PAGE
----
The Standard Oil Company of Ohio, being situated at Cleveland, had the advantage of different carrying lines, as well as of water transportation in the summer; taking advantage of those facilities, it made the best bargains possible for its freights. Other companies sought to do the same. The Standard gave advantages to the railroads for the purpose of reducing the cost of transportation of freight. It offered freights in large quantity, car-loads and train-loads. It furnished loading facilities and discharging facilities at great cost. It provided regular traffic, so that a railroad could conduct its transportation to the best advantage and use its equipment to the full extent of its hauling capacity without waiting for the refiner’s convenience. It exempted railroads from liability for fire and carried its own insurance. It provided at its own expense terminal facilities which permitted economies in handling. For these services it obtained contracts for special allowances on freights.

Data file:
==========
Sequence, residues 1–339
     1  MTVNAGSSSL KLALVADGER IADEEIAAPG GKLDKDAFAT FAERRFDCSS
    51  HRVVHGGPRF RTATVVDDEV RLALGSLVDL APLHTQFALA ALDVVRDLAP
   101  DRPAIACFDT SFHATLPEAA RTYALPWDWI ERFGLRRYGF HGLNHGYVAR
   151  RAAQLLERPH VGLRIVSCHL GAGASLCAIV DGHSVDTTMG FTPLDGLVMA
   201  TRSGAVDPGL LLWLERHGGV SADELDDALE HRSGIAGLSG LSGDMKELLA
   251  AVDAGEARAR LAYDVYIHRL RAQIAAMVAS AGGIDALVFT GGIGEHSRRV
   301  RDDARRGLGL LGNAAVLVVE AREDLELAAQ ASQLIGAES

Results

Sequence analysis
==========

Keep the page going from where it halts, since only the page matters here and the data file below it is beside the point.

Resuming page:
But notwithstanding these special allowances, this traffic from the Standard Oil Company was far more profitable to the railroad companies than the smaller and irregular traffic, which might have paid a higher rate.
To understand the situation which affected the giving and taking of rebates it must be remembered that the railroads were all eager to enlarge their freight traffic. They were competing with the facilities and rates offered by the boats on lake and canal and by the pipe-lines. All these means of transporting oil cut into the business of the railroads, and they were desperately anxious to successfully meet this competition. As I have stated we provided means for loading and unloading cars expeditiously, agreed to furnish a regular fixed number of car-loads to transport each day, and arranged with them for all the other things that I have mentioned, the final result being to reduce the cost of transportation for both the railroads and ourselves. All this was following in the natural laws of trade.
The building of the pipe-lines introduced another formidable competitor to the railroads, but as oil could be transported by pumping through pipes at a much less cost than by hauling in tank-cars in a railroad train the development of the pipe-line was inevitable. The question was simply whether the oil traffic was sufficient in volume to make the investment profitable. When pipe-lines had been built to oil fields where the wells had ceased to yield, as often happened, they were about the most useless property imaginable.